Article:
“Though I may not know the right things to say, I’ll get it out to you one day. I’m shy that way.” –Shy That Way, Tristan Prettyman & Jason Mraz

Much of great writing is born in between feelings—in between a suspicion and its confirmation (or perhaps, its denial), and a desire to express what’s on the tip of your tongue, a desire to explain a loss for words. It’s a finding of words. The right ones.

To begin a piece is to tread carefully. For me, at least, there must be a distinction between a fragment and something fully-formed, something you can’t resist taking note of, something you’d be unashamed to write.

“My body tells me no, but I won’t quit. Cause I want more, cause I want more.” –My Body, Young the Giant

Have I held myself back? Have I waited until the last minute to work on my craft, something I always deemed organic?
I always thought that if it were to come, it would. A pragmatist’s call.

And yet, I could trace my growth. From learning to read billboards at age 3, to writing my first formal essay at age 10, to winning competitions here and there, to enrolling in UP Diliman as a Creative Writing major.

I have since shifted out, and become an Economics major. And as anyone would tell you, a passion is not something you run away from, you can dismiss, you can forget.

“Walking in the cold, just keep on flying. There’ll be a searchlight on the mountain high. God knows you’re lonely souls.” – Lonely Soul, Unkle

There is an amnesia you develop as you age, an affliction that some people welcome, a condition that some people choose not to notice, that some people choose not to cure.

“If at some point, we all succumb, for goodness sake, let us be young. Cause time gets harder to outrun, and I’m nobody, I’m not done.” –Wetsuit, The Vaccines

Is it so bad to choose what’s easier?

Soon, there is not only an evolution of passions, but an evolution of the thought process as well. Being practical is not a terrible thing, but a struggle does exist. For the deepest of thinkers, what comes next is the waiting. After the waiting, nothing comes next. For the most uncertain, insecure of writers, waiting doesn’t seem to be an option. And yet, to be told, “You obviously know how to write.” by someone whose opinion you respect—action must be taken. And so it has.

“Manipulate broken vertebrae, try and hold me in my shape. The fracture’s set but it won’t heal yet because there’s certain things to say.” –Broken Bones, The Holidays

To continue a piece is a function of belief. I could count my best pieces on one hand. I could count all my pieces on one hand. I could never count my unfinished ones.

“I’ve got my knives in the heart of my sleeves, but this weather’s getting too nice for me, to keep an empire at peace.” –Empire, Jukebox the Ghost

To write is to accept, from the beginning, the exhaustion it comes with—to accept, from the beginning, that acclaim is hard to come by, that to be read is often a rare feat. To write is to accept that maybe you are not good enough.
I accepted this with difficulty. And so it took me a while to try anyway.

I could trace my music taste with more ease, and less shame. At age 11, in 2003, on a trip to Australia, I picked up an Australian music magazine, featuring mainly British and Australian pop stars. Thus, my discovery of “other music”. My walkman played mix CDs of singers and bands my peers had never heard of. Pop, still, but not mainstream. At least not in the US. At least not in the Philippines.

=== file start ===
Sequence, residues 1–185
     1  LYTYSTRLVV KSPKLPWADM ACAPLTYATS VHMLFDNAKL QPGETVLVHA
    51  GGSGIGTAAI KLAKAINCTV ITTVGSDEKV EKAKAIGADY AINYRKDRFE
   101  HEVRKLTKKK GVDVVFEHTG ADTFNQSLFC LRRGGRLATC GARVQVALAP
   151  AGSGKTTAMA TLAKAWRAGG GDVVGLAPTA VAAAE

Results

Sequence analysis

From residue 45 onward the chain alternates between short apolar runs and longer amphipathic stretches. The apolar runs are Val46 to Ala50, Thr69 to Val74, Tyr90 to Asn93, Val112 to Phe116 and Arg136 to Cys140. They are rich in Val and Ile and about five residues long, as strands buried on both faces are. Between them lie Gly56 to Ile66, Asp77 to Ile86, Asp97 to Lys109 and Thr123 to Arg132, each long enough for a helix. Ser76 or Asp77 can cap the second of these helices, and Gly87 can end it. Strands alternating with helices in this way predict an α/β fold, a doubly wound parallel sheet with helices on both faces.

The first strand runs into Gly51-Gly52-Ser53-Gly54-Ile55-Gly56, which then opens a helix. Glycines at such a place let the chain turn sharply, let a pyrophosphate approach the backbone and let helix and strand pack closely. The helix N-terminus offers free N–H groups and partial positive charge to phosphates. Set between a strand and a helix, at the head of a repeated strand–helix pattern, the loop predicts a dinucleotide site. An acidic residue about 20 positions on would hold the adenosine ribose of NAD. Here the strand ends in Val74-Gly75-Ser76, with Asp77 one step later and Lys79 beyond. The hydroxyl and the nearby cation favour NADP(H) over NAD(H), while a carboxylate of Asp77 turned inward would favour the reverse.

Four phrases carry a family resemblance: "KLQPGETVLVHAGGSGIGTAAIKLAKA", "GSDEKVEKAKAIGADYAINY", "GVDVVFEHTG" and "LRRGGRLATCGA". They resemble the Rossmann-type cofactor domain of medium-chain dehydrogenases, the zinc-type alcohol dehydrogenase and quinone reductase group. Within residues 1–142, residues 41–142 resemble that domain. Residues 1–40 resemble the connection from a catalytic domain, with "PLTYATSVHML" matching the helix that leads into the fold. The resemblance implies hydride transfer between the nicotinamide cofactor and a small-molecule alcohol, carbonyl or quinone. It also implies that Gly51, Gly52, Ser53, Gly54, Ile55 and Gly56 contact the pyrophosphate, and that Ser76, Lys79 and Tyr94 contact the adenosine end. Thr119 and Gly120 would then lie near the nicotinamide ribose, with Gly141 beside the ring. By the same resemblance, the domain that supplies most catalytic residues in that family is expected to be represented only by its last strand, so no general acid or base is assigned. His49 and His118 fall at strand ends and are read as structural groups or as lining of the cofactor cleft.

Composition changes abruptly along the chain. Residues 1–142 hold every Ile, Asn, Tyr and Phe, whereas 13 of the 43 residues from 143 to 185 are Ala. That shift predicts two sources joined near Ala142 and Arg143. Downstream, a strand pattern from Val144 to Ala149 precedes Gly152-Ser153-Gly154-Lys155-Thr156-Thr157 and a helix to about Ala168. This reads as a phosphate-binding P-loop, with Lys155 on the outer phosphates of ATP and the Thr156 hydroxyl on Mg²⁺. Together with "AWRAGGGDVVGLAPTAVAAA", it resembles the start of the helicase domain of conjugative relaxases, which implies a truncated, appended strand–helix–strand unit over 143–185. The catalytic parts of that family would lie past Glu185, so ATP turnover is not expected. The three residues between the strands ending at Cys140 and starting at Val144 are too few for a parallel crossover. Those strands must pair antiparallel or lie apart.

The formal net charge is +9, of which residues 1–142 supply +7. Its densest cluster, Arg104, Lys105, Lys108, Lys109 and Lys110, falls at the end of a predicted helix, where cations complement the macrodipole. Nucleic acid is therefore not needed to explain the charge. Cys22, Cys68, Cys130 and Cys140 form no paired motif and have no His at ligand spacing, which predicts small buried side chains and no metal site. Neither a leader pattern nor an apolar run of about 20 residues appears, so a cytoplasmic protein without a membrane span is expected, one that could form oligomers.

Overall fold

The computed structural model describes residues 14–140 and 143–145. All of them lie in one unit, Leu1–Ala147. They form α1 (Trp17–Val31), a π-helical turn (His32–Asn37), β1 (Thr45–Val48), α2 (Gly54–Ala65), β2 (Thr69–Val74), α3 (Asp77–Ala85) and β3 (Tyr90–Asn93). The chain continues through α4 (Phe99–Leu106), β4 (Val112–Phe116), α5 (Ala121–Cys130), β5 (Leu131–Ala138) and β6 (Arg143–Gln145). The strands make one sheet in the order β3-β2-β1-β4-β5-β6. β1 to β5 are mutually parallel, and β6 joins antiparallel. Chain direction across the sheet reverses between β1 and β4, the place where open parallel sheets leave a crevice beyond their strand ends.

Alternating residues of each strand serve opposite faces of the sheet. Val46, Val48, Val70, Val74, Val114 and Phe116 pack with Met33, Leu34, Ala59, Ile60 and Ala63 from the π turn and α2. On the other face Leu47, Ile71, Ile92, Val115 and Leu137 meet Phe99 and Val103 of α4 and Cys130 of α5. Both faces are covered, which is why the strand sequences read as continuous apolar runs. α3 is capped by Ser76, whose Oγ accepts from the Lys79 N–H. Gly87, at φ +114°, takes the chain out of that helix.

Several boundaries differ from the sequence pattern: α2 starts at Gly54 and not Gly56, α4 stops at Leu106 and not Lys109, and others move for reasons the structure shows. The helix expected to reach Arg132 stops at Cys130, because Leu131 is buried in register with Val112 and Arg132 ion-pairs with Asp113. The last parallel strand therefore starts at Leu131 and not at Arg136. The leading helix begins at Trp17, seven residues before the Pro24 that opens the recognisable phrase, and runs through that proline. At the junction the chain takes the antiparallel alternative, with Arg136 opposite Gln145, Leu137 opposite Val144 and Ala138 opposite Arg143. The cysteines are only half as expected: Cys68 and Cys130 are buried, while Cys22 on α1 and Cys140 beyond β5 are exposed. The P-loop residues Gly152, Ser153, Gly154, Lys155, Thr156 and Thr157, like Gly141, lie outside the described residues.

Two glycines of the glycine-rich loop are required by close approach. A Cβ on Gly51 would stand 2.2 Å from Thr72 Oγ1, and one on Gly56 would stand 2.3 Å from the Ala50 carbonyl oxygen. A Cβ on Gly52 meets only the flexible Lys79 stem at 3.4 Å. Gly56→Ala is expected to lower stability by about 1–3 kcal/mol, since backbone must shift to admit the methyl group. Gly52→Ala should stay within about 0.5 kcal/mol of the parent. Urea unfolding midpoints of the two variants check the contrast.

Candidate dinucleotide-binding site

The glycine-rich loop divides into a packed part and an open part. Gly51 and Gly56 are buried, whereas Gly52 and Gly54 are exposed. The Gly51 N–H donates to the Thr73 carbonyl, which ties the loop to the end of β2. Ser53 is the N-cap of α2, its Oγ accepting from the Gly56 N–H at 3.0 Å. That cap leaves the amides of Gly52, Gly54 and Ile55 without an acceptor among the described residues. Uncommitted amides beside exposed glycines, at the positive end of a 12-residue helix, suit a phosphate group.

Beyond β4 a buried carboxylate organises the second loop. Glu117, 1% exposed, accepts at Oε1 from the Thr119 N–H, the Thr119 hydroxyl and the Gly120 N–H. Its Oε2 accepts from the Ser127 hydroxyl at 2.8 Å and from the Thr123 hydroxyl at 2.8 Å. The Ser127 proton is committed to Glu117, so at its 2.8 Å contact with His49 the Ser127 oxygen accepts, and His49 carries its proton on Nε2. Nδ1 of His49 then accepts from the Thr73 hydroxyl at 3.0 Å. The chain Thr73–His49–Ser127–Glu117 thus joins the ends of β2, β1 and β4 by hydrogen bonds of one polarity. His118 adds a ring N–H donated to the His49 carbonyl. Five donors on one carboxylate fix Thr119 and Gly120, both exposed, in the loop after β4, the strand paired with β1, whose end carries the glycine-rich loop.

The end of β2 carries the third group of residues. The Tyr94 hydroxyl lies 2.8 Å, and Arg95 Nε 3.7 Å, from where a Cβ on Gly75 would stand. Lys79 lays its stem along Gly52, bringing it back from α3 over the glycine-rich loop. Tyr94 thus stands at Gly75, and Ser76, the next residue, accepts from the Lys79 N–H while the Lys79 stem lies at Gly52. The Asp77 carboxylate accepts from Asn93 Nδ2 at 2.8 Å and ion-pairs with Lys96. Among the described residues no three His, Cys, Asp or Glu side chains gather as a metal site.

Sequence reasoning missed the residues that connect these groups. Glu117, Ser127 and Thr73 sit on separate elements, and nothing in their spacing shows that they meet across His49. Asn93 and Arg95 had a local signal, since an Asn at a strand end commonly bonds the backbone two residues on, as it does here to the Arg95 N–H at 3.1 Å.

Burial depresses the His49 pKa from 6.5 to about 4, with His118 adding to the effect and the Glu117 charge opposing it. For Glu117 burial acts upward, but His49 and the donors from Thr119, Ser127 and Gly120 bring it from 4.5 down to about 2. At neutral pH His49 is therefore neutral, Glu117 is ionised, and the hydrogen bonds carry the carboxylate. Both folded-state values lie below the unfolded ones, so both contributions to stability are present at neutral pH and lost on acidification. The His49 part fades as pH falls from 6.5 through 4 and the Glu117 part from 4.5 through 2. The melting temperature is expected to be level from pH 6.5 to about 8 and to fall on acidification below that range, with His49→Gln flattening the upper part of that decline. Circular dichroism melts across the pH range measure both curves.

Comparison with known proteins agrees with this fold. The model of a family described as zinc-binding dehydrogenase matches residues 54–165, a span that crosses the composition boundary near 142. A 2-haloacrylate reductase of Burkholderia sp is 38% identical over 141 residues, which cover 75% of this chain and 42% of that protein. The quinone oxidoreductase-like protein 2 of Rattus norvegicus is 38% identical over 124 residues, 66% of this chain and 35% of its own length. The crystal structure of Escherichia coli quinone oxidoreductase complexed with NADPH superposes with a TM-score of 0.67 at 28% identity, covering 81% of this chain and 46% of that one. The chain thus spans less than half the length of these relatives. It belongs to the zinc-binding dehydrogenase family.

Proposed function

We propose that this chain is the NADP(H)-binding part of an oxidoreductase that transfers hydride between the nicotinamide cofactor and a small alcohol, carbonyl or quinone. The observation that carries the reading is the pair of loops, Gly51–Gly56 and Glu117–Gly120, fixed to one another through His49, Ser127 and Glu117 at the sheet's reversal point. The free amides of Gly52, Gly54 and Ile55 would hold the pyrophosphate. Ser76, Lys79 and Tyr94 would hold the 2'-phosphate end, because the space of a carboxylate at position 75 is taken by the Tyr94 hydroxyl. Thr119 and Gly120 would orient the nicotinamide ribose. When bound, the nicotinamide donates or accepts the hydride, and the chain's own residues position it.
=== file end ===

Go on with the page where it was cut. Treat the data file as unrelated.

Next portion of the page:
In 2004, my best friend at the time introduced me to local rock bands, before they reached their height a year or two later.

Two years later, in 2005, on a trip to New Zealand, I discovered The Killers’ first album, Hot Fuss. So began my foray into the so-called independent music scene. And I never looked back.

My musical taste, since 2003 has always been an informed choice, something I’ve always been proud of.
So has my taste in movies, from my discovery of Joseph Gordon-Levitt’s independent movies in 2006.
Writing, though it’s my official answer to the question “What’s your talent?”, has never come to me with clarity.

“I think I finally know what I want. I want to be two places at once, I want to stretch until I split.” –Yellow Wings, Keepaway

All writing, I’ve been told, is self-indulgent.
This question kills me: What do you write about?

“If my life is mine, what shouldn’t I do? I get wherever I’m going, I get whatever I need while my blood’s still flowing and my heart’s still beating like a hammer.” – Help I’m Alive, Metric

I write about fine lines. I write about the spaces between not knowing and wanting. I write about the things I know, and I pretend to write about things I pretend to know about. Most of my writing is waiting. Waiting for clarity.

To write is to point out your dark circles, your broken bones, your failing eyesight. To write is to get weak in the knees and proclaim it to the world. To write is to want people to see what haunts you. And it’s irrevocable.

“I’ve been sleeping far too long, hibernating from your love, I need some summer sun to come and wake me up.” – California Sunrise, Dirty Gold

And here, my mixtape —nine songs of wanting, nine songs of waiting, nine songs of not knowing— perhaps not the best reflection of my writing, but the best reflection of my desire to write.


Giselle Jose is a third year BS Economics student at the University of the Philippines. She’s also a student jock at Mellow 94.7’s School of Jocks. Rock on!